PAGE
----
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     

Impacts on habitat use (species migration) Impacts on sensitive species including endangered and commercially exploited Expected changes in health of flora and fauna with the introduction of activities. Expected changes in the quantity and type of species existing in the study area Impact on the aquatic ecology The impact of outfall (sewage and any possible water on the ambient water quality at discharge points; the cumulative impact of the continuous / long term discharge at the proposed site outfall point(s) of the project. Impact vegetation and soil saturation Dust generation and movements off site during the construction phase The impact of drainage pattern that can affect near by communities As a preliminary conclusion it was noted that in the other tropical reservoirs CH4 is emitted as bubbles and CO2 are emitted by molecular diffusion.

   

These are the valued ecosystem components

IMPACT ASSESSMENT

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VEC Water Resource Air Quality

IMPACT Increase Demand Decline quality

DURATION MAGNITUDE SPATIAL Moderate in Short Small Small EXTENT Regional Local

TYPE Direct Indirect And Cumulativ e Direct

PROBABILITY RANK Medium Low 2 1

Communitie s &

Social

Permanent

Great

Local To Regional

Medium

2

Lifestyle Flora

Environmen t

Permanent

Great

Local To

Direct

High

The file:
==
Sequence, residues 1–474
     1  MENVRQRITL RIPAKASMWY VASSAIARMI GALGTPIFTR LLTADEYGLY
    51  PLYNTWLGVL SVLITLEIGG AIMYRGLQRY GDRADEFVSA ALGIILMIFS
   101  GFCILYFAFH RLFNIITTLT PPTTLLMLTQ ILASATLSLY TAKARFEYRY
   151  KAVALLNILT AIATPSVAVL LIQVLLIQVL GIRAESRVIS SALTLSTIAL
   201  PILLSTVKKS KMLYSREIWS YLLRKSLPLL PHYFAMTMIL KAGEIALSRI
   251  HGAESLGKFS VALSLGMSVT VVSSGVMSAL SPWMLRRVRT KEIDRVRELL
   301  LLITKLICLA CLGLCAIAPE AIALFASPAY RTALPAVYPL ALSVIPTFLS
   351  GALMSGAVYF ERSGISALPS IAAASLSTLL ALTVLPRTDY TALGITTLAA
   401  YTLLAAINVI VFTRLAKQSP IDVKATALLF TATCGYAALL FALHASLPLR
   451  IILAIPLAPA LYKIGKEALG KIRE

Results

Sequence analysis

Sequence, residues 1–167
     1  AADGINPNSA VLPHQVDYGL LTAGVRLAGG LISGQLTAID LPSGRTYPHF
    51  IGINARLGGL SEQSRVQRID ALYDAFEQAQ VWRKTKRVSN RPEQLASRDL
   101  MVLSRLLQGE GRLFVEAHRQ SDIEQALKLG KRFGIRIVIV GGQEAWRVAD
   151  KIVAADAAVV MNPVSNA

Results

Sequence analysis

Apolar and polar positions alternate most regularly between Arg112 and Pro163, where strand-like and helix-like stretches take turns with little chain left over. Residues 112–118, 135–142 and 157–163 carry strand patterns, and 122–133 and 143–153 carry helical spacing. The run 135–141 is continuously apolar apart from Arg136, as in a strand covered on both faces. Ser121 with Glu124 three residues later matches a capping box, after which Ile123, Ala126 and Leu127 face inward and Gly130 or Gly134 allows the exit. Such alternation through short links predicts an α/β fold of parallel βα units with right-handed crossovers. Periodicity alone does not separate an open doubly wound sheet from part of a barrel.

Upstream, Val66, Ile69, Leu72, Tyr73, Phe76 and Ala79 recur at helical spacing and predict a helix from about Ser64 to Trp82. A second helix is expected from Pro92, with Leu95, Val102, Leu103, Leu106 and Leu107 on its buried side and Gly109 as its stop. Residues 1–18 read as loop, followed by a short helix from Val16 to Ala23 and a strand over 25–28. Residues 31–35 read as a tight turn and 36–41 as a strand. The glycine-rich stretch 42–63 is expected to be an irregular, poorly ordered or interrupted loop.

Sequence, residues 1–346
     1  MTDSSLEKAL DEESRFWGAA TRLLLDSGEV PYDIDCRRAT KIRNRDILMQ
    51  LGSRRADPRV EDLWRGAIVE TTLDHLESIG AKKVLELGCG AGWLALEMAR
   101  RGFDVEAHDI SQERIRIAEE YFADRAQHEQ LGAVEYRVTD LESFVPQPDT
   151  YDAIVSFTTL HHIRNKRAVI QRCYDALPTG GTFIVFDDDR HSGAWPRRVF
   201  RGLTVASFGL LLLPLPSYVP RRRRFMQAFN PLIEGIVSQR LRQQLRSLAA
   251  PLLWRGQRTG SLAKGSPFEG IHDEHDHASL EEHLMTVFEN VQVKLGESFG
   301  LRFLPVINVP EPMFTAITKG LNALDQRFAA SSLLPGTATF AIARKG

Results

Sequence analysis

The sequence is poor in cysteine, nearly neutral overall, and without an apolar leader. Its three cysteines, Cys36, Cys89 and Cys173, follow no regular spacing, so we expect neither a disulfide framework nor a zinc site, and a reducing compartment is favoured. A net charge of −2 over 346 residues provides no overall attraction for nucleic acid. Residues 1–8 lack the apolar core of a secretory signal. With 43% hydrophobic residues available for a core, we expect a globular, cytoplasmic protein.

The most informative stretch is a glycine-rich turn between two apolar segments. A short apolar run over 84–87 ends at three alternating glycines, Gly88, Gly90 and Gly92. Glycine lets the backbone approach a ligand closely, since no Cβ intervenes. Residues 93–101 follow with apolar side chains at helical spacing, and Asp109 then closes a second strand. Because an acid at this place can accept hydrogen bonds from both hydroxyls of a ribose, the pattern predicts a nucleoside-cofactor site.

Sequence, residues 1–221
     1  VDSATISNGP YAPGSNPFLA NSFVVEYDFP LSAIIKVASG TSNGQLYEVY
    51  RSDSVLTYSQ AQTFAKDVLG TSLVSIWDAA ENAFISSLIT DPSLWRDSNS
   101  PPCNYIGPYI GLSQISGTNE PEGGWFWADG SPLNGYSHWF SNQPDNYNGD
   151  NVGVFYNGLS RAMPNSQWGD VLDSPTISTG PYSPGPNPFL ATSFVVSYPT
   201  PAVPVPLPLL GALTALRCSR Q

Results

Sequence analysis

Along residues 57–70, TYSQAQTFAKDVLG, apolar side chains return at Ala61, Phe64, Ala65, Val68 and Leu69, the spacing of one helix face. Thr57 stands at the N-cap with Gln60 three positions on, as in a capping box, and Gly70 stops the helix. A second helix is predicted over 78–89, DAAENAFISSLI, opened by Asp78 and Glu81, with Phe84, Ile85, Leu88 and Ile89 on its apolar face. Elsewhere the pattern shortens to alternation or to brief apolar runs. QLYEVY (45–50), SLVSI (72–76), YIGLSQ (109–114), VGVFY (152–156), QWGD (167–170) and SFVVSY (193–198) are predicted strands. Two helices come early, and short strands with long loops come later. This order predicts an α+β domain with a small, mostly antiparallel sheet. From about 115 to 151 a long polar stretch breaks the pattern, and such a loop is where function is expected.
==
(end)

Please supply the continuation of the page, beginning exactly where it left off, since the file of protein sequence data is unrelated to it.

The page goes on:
3

Fauna

Environmen t

Long

Great

Regional Local To

Direct

Medium

2

Topology

Environmen t

Long

Moderate

Regional Local To

Direct

Medium

2

Geology

Environmen t

Long

Moderate

Regional Local To Regional

Direct

Medium

2

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Mitigation Measures
General

Environmental awareness training of construction workforce should be conducted, emphasizing the relevant mitigation measures for their area of responsibility. Limit the area of disturbance, or ‘footprint’ to that essential for the project. Safe the topsoil by stripping and stockpile prior to construction On completion of work ensure topsoil is re-spread over disturbed area to promote natural regeneration. Fencing work areas to exclude livestock and vehicles

  

Water Quality:

Ensure that ground water is not use for portable purpose due to hydrocarbon contamination (natural) Schedule measures to avoid or reduce erosion by phasing work program Collect and treat any contaminated water prior to discharge off site. This includes sediments from rainfall run off. Create temporary ponds for control of water runoff from site prior to discharge point at Marianne River; create sediment barriers to filter water. At diversion channel and culverts designed to divert flow and to control runoff, ensure the outlets have adequate source protection. This may include riprap (rocks held with wire mesh) or geo-textile material. Design topsoil stockpile to prevent excessive lost by wind and water. Septic tanks should be monitored for leaks and appropriate method statement and spill plans should be in place prior to septic tank installation / use / transfer.